Norms, principles of int’l law should be basis in addressing int’l problems: Azerbaijani FM

Norms, principles of int’l law should be basis in addressing int’l problems: Azerbaijani FM
  • Clock-gray 15:20
  • calendar-gray 31 October 2016

Baku – APA. The norms and principles of international law, the Charter of the United Nations should be the basis in addressing the international problems, Azerbaijan’s Foreign Minister Elmar Mammadyarov said in an interview to Middle East News Agency (MENA) of Egypt.

 

The FM gave detailed information about the Armenia-Azerbaijan Nagorno-Karabakh conflict and the settlement process.

 

“Armenia frequently resorts to armed provocations trying to divert attention from the core, substantive issues of the peace process to technical aspects of the ceasefire,” added Mammadyarov. “Most recently, in early April this year Armenia conducted large-scale attacks against the civilian population of Azerbaijan. It subjected the densely populated areas of Azerbaijan, including schools, hospitals, and places of worship, to intensive fire with heavy artillery and large-caliber weapons.”

 

He stressed the four UN resolutions that demand the withdrawal of Armenian forces from the occupied Azerbaijani territories remain unfulfilled.

 

The Nagorno-Karabakh conflict entered its modern phase when the Armenian SRR made territorial claims against the Azerbaijani SSR in 1988.

 

A fierce war broke out between Azerbaijan and Armenia over the Nagorno-Karabakh region of Azerbaijan. As a result of the war, Armenian armed forces occupied some 20 percent of Azerbaijani territory which includes Nagorno-Karabakh and seven adjacent districts (Lachin, Kalbajar, Aghdam, Fuzuli, Jabrayil, Gubadli and Zangilan), and over a million Azerbaijanis became refugees and internally displaced people.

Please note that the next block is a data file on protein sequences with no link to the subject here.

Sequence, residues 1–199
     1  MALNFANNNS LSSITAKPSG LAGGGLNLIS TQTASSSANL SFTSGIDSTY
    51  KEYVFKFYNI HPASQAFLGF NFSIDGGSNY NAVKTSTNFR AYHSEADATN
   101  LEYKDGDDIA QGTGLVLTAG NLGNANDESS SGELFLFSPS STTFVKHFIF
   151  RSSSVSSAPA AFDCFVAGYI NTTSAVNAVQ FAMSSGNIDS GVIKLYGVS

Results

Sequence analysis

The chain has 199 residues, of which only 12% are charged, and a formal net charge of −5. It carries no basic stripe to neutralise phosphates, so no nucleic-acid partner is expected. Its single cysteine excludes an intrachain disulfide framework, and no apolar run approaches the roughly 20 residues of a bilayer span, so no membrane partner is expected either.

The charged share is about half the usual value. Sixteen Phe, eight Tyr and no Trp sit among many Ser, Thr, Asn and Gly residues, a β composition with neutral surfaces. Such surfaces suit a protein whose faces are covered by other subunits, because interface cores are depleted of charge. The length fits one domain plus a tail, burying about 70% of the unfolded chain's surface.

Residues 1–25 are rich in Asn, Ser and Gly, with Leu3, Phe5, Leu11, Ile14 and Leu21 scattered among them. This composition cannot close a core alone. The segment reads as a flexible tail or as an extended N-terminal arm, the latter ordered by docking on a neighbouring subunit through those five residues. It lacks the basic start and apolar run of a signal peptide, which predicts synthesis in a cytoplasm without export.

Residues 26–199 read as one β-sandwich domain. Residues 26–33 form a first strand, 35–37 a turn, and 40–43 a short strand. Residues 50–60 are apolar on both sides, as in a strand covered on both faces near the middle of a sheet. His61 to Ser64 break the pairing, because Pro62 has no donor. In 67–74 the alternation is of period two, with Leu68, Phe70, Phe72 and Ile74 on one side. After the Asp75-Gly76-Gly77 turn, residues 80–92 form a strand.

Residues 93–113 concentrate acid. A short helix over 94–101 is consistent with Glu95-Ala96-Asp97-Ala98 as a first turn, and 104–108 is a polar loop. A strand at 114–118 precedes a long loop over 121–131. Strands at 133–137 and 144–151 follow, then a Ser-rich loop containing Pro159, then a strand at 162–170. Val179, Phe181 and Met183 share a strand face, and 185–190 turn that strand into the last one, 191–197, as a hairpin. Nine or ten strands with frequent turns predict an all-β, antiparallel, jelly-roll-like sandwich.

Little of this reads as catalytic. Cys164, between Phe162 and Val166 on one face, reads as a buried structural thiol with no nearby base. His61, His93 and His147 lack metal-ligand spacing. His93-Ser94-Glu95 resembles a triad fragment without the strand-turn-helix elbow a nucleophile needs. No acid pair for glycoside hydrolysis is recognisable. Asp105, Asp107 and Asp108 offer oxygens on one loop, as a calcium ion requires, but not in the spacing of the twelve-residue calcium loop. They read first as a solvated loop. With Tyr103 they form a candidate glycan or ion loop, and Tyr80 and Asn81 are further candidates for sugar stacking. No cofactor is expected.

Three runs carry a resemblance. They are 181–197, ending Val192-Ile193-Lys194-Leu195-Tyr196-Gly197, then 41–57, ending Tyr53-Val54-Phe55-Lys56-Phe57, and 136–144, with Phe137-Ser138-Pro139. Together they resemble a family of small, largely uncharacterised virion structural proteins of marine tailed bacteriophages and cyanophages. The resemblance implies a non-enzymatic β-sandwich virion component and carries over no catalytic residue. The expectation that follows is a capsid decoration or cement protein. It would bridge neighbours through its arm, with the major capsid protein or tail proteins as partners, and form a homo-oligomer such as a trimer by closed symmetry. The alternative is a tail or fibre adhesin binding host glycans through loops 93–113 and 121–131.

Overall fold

The military operations finally came to an end when Azerbaijan and Armenia signed a ceasefire agreement in Bishkek in 1994.

 

Dealing with the settlement of the Nagorno-Karabakh conflict is the OSCE Minsk Group, which was created after the meeting of the CSCE (OSCE after the Budapest summit held in Dec.1994) Ministerial Council in Helsinki on 24 March 1992. The Group’s members include Azerbaijan, Armenia, Russia, the United States, France, Italy, Germany, Turkey, Belarus, Finland and Sweden.

 

Besides, the OSCE Minsk Group has a co-chairmanship institution, comprised of Russian, the US and French co-chairs, which began operating in 1996.  

 

Resolutions 822, 853, 874 and 884 of the UN Security Council, which were passed in short intervals in 1993, and other resolutions adopted by the UN General Assembly, PACE, OSCE, OIC, and other organizations require Armenia to unconditionally withdraw its troops from Nagorno-Karabakh.  

 

 

 

 

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